“It’s going to be a service we provide to the Osage people,” Trumbly said. “But it’s going to be up to the Osage people to actually subscribe to it and sign on.”

Author

  • Collyn Combs

    Collyn Combs is a multimedia journalism student at Oklahoma State University. She is a member of the Osage Nation, and her family is from the Grayhorse district. Combs is from Ponca City, Okla., and attended school in Bartlesville, Okla., where she graduated in 2017. She served on the newspaper staff at Bartlesville High School from 2016-2017. She attended Northern Oklahoma College in Tonkawa after graduation and wrote for The Maverick newspaper from 2017-2020, and served as editor from 2018-2019. She currently lives in Stillwater, Okla., and is involved with O’Colly TV as the weather reporter, OSU Native American Student Association and is secretary for the Omega Phi Alpha National Service Sorority.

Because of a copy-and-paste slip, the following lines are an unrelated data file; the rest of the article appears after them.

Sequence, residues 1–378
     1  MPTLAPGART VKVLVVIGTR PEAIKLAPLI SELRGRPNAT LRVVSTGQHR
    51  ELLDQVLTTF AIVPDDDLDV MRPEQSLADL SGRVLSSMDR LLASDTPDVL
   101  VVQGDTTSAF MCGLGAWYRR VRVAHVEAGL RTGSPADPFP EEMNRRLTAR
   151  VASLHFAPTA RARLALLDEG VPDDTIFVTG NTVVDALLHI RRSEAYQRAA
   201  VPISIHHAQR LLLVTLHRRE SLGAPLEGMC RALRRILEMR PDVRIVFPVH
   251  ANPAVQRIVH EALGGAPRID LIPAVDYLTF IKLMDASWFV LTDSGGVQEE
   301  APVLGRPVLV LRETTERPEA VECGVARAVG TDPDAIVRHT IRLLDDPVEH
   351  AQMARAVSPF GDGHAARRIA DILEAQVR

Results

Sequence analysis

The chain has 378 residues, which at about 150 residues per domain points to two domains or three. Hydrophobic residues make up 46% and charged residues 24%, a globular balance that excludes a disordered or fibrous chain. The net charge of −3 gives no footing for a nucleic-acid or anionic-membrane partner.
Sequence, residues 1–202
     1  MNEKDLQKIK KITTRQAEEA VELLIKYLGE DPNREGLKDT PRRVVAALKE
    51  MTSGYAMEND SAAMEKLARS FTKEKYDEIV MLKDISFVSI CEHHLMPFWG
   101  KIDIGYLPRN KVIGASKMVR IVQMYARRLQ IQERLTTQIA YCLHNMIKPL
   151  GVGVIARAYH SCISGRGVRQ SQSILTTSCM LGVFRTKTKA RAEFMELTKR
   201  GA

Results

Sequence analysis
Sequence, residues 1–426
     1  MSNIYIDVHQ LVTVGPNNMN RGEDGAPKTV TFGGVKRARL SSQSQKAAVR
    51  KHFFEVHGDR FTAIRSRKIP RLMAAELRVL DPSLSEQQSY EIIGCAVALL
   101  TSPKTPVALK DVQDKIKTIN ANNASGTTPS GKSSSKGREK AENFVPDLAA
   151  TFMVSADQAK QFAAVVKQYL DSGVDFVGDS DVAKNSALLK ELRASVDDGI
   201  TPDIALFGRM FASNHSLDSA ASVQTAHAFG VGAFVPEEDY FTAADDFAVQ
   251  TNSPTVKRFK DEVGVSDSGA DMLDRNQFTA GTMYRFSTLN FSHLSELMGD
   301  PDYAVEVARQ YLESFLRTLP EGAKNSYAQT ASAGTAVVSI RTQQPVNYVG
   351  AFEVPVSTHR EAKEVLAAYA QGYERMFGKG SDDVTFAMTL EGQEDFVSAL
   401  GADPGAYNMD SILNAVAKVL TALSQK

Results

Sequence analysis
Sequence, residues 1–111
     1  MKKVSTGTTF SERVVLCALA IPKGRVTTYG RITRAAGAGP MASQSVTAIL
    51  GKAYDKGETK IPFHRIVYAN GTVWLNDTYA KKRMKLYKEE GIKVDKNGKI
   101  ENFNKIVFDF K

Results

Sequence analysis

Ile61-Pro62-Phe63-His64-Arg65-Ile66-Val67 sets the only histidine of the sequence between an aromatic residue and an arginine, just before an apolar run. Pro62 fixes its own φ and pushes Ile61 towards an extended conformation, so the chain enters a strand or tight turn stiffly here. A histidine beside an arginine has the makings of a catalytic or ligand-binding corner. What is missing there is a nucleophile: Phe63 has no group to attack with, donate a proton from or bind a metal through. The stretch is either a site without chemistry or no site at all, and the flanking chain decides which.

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Collyn Combs
Collyn Combshttps://osagenews.org
Collyn Combs is a multimedia journalism student at Oklahoma State University. She is a member of the Osage Nation, and her family is from the Grayhorse district. Combs is from Ponca City, Okla., and attended school in Bartlesville, Okla., where she graduated in 2017. She served on the newspaper staff at Bartlesville High School from 2016-2017. She attended Northern Oklahoma College in Tonkawa after graduation and wrote for The Maverick newspaper from 2017-2020, and served as editor from 2018-2019. She currently lives in Stillwater, Okla., and is involved with O’Colly TV as the weather reporter, OSU Native American Student Association and is secretary for the Omega Phi Alpha National Service Sorority.